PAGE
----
For a little boy in the early 1960s, a shopping trip in Lexington could be an adventure.
It was a world of big buildings filled with interesting things and friendly faces, from the elevator operator at Hymson's Tots & Teens to the A&P manager who always took time to chat with me.
But nothing could top Howard Curry Shoes on Southland Drive.
Going to Howard Curry meant sitting in upholstered chairs that were just my size, peering into aquariums filled with colorful fish and visiting the Enchanted Forest, where mechanical elves made shoes and an owl popped out of his knot hole every so often to give a hoot.
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The highlight was the Talking Tree. It had an expressive face and a cheerful but staticky voice that I eventually figured out came from a hidden clerk with a microphone.
Since 1958, the Talking Tree has been an icon of Lexington childhood. And, over the years, a lot of grown up kids have wandered into Howard Curry just to see if he was still there.
"Or they would bring in a spouse who couldn't believe that such a thing existed," said Ruby Stockwell, who has run the store with her daughter-in-law, Beverly, since her son, Todd, bought it from the Curry family in 1991.
Now, the Talking Tree is getting a facelift and new home.
This summer, Howard Curry moved out of its Southland Drive store and took down the classic neon sign, which was attracting bird nests and needed repair.
While a new store was being built at Nicholasville Road and Moore Drive, Howard Curry set up shop in temporary space. The Talking Tree was sent off for restoration, and the store posted a sign saying he was on summer vacation. "The kids seemed to understand that," Beverly Stockwell said.
The Talking Tree and the rest of the Enchanted Forest were made by Corman & Associates, a Lexington fixture company that once did elaborate store displays for clients all over the country. The Talking Tree was fashioned from a big piece of red cedar driftwood that Dan Corman and Stanley Baugh hauled out of Herrington Lake.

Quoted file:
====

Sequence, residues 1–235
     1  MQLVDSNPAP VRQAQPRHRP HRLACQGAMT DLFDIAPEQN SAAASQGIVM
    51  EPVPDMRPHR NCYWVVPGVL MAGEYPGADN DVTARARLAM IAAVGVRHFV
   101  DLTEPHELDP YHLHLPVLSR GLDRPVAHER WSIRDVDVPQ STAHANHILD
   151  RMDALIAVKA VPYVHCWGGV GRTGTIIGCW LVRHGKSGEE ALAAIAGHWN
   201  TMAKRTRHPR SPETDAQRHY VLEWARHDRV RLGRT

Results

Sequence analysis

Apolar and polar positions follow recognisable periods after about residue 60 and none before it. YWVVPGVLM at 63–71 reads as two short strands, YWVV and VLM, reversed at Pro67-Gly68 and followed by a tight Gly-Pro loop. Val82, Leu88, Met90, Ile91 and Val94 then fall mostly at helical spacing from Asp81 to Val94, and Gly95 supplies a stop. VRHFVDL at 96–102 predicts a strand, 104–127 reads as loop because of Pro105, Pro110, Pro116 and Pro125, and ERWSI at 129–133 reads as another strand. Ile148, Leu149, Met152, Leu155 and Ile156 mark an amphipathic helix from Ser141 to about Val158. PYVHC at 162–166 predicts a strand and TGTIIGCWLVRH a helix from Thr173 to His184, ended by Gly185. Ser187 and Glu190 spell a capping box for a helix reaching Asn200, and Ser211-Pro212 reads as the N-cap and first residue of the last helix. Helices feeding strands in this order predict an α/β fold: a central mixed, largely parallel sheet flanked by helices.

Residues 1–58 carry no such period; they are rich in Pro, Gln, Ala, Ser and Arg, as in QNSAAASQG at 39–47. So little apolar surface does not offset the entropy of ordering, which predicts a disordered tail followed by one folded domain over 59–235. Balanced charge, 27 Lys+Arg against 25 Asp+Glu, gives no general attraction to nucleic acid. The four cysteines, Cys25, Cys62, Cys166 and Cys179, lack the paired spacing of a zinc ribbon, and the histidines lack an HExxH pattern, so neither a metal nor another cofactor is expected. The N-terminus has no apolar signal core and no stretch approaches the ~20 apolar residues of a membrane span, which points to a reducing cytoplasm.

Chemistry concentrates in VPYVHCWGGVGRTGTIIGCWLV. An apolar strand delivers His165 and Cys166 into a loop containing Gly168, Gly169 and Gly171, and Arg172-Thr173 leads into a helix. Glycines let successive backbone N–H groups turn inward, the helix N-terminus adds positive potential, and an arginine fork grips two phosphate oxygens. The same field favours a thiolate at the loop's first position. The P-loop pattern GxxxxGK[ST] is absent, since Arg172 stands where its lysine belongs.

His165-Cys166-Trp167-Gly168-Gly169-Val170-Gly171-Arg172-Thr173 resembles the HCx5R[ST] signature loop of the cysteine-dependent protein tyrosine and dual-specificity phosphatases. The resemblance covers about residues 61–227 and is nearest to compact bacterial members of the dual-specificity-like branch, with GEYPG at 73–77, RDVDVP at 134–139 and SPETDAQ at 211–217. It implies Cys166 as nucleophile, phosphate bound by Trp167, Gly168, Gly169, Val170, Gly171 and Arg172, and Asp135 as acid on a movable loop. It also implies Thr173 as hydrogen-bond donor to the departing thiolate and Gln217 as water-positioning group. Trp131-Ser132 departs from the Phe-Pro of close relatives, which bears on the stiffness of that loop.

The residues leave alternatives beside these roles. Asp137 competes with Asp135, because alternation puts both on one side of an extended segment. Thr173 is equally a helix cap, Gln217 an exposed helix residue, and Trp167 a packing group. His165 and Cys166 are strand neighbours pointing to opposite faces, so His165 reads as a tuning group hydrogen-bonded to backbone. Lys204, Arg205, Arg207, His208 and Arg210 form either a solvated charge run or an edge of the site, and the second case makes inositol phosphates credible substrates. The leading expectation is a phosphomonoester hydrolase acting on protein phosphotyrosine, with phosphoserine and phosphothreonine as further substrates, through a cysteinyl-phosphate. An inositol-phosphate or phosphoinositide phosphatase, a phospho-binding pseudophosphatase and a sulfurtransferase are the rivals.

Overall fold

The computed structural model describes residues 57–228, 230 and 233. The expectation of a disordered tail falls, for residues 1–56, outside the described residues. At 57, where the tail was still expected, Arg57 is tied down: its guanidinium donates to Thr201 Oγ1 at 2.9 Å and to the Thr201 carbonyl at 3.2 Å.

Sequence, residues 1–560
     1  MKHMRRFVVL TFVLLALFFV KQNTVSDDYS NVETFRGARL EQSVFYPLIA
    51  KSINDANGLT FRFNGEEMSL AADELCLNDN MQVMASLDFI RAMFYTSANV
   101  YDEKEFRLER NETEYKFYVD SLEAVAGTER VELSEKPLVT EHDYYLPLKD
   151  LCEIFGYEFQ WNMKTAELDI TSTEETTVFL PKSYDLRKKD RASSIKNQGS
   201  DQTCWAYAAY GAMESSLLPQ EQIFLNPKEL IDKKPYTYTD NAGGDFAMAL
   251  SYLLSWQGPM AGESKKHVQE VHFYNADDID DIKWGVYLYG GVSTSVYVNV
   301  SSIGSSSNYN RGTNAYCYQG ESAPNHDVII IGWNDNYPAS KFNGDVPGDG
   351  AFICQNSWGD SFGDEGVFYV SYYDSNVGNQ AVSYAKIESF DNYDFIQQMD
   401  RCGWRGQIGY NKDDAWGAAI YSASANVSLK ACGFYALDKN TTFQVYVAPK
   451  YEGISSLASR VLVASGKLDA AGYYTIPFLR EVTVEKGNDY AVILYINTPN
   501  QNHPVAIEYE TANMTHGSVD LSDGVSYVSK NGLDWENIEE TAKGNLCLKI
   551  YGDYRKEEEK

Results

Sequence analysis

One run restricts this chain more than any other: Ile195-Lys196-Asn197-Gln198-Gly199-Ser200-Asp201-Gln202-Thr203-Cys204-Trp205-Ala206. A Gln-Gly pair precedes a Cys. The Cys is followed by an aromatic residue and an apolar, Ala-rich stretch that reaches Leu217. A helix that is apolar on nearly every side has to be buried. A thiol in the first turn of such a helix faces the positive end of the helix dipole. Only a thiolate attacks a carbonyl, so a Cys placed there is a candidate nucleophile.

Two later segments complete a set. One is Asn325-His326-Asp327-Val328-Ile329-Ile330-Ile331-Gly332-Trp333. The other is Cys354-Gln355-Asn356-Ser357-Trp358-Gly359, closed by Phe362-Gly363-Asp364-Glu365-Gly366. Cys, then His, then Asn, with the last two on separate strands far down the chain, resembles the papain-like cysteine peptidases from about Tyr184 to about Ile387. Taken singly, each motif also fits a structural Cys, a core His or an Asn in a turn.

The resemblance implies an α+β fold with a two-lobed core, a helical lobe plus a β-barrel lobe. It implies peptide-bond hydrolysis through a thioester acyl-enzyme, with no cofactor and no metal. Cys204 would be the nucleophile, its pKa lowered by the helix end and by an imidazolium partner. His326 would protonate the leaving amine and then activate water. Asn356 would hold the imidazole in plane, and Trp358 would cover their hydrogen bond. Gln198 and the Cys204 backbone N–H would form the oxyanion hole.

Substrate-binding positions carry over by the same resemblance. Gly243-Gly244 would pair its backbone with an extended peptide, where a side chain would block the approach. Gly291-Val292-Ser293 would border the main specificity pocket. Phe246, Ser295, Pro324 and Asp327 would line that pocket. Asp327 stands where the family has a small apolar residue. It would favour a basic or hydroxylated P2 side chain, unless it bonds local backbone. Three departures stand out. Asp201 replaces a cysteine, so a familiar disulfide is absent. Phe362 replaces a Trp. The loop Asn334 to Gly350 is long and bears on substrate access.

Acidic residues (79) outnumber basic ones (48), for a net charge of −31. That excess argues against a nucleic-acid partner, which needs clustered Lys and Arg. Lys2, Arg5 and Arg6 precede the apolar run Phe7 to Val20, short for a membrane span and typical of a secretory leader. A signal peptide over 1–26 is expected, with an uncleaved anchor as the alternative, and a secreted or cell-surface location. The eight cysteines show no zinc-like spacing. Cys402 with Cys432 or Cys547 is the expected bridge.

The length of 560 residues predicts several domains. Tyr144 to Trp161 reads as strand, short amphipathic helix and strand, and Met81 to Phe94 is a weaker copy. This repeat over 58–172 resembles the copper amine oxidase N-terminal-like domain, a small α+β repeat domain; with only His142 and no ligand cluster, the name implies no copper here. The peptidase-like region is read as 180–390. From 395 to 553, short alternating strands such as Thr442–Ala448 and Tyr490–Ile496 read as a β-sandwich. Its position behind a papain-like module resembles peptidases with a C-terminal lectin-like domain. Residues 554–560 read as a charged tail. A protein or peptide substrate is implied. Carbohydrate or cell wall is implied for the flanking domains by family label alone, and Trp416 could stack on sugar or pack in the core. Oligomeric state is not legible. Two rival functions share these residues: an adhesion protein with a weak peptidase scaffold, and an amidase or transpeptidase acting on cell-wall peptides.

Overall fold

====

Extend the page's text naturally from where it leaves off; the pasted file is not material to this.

The job of restoring the tree fell to Versailles artist Damon Farmer, who grew up in Berea seeing the tree in Howard Curry advertisements. He removed old varnish, repaired limbs, added leaves and new eyes and fixed the tree's broken nose.
"Over 50 years, there had been so many attempts to repair it that it was something of a mess," Farmer said of the tree. "The old nose was on a spring and kids were kind of rough with it."
Howard Curry's new store is smaller than the old one, so there wasn't room for the Enchanted Forest and cobbler elves. They were sent back to Corman's and put in storage. Vice President Dwight Kelley doesn't know what he will do with them, but they have a special place in his heart.
Kelley said he helped make the elves as a young Corman's employee, and his children got their shoes at Howard Curry. "That's one of the few pieces of our work that people in Lexington are familiar with," he said.
The aquariums left Howard Curry in the 1990s — Ruby Stockwell got tired of cleaning them. But the child-size benches have been recovered by David Hicks, whose father did the original upholstery. John Leininger, whose father built Howard Curry's original cash register console, made cabinets for the new store.
At its new location, Howard Curry shares space with the Stockwells' other store, Dance Biz. It sells children's dance shoes and apparel and has some special design touches of its own. Interior designer Deborah Drury put together a shoe-fitting area that has a stage, dance bar, mirrors and curtains.
When I stopped by the new Howard Curry store last week, employees were racing around, trying to get it ready to open. Boxes were everywhere, Farmer was painting a mural and the Talking Tree was waiting patiently for a sly clerk to give him voice.
The Talking Tree may only be a dressed-up piece of driftwood, but I'll bet I'm not the only big kid glad to see him still around, standing ready to make some child's shopping trip an adventure.